Workshop: Is Terrorist Learning Different?

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What is particular or specific about learning in terrorist as compared to other groups? This workshop aims to critically examine learning processes in organizations that are generally labelled “terrorist” in public debates. With increased interest inspired by the “Global War on Terror” and similar developments, scholars have strongly focused on the tactical evolution of violent groups, such as the increasing lethality of attacks, and mainly applied behavioural approaches that reflect an instrumental understanding of learning. We argue, however, that violent groups learn not just behaviourally, but also cognitively, even if these two types of learning are often difficult to distinguish in practice. Looking at cognitive learning makes it possible to see changes that go beyond tactics and involve strategic transformations and changes of political goals. An understanding of these groups’ learning must therefore go beyond seeing their actions as automatic reactions to performance feedback from the environment and instead take into account how modifications in their internal cognitive maps may influence their actions.

The specificities of the environment terrorist groups find themselves in also contribute to making their learning different. This environment is characterized, for example, by a need for clandestine operations, which influences the dynamics of organizations’ cognitive and behavioural learning processes. Examining radical groups using the framework of Social Movement Theory has helped to explain how the interaction between a group and its political environment influences a group’s words and actions. However, Social Movement Theory-based approaches have not offered insights into groups’ internal cognitive learning processes and how these affect their behaviour. Therefore, we propose to draw on approaches that also reflect dynamics within groups and highlight the dialectic between the internal and external dimensions, such as Organizational Learning Theory.

We especially invite papers based on empirical case studies that address the specificities of the external environment and groups’ internal cognitive and behavioural learning. “Terrorist” learning as a subject of study brings with it certain methodological and ethical challenges. Processes of cognitive learning are difficult to observe in general, and learning often has to be deduced from observed action. In the case of violent organizations, security issues make access to information not only risky for the researcher, but also highly sensitive for the subjects of research. However, we maintain that the subject can be approached pragmatically despite the complexities related to empirical research in this field. As empirical research on terrorist learning itself implies learning, we also invite contributors to share their experiences with and reflections on the challenges related to this particular research context, as well as possible ways of responding to them.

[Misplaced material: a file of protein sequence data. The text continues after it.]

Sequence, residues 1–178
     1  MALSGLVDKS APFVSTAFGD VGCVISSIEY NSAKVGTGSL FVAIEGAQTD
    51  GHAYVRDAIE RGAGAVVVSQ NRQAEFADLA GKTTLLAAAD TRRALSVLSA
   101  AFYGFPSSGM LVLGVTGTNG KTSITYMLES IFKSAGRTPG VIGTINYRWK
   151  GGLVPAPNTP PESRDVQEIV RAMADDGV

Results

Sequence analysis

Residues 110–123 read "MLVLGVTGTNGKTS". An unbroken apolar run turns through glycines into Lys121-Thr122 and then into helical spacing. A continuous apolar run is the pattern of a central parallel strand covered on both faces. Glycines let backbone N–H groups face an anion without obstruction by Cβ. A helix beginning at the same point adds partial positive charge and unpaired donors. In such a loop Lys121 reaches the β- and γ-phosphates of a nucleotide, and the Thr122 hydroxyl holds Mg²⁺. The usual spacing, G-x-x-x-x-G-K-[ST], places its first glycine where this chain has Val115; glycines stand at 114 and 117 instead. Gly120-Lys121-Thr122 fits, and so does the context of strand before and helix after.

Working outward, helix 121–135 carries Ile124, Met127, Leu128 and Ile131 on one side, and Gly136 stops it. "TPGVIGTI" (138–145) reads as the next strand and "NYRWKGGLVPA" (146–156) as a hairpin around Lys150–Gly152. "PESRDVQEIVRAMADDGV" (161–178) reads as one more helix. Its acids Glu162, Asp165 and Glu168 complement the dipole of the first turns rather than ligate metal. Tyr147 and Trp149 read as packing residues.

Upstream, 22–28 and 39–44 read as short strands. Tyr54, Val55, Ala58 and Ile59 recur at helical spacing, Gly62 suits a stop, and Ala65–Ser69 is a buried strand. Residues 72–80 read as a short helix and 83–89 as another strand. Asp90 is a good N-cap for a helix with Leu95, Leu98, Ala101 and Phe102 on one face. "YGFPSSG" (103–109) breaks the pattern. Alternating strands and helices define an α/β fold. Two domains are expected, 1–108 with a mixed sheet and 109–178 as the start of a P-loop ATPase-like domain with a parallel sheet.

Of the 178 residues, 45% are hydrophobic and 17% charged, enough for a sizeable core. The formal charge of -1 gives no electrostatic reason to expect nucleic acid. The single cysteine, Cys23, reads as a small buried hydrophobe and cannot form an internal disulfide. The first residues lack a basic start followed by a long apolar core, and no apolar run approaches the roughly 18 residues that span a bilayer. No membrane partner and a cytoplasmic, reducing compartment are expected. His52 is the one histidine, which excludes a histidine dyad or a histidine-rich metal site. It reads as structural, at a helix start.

We welcome theoretical and empirical contributions from a variety of disciplines, as well as multi-disciplinary approaches. Contributions should address at least one of the following foci:

  • Comparison of religious, ethno-nationalist, leftist, and right-wing groups
  • Comparisons to non-violent groups
  • Radicalization and de-radicalization
  • Internal and external dimensions of terrorist learning
  • Specificities of the environment
  • Learning theory

Please submit your abstract of no more than one page to goerzig@eth.mpg.de by February 28, 2019.

After an initial selection process, participants will be asked to submit their full paper by the end of August 2019. Selected contributions will be published in an edited volume. For invited speakers travel and accommodation expenses will be covered by the Max Planck Institute. Please do not hesitate to contact the convenors with any queries.

Contact:
Carolin Goerzig: goerzig@eth.mpg.de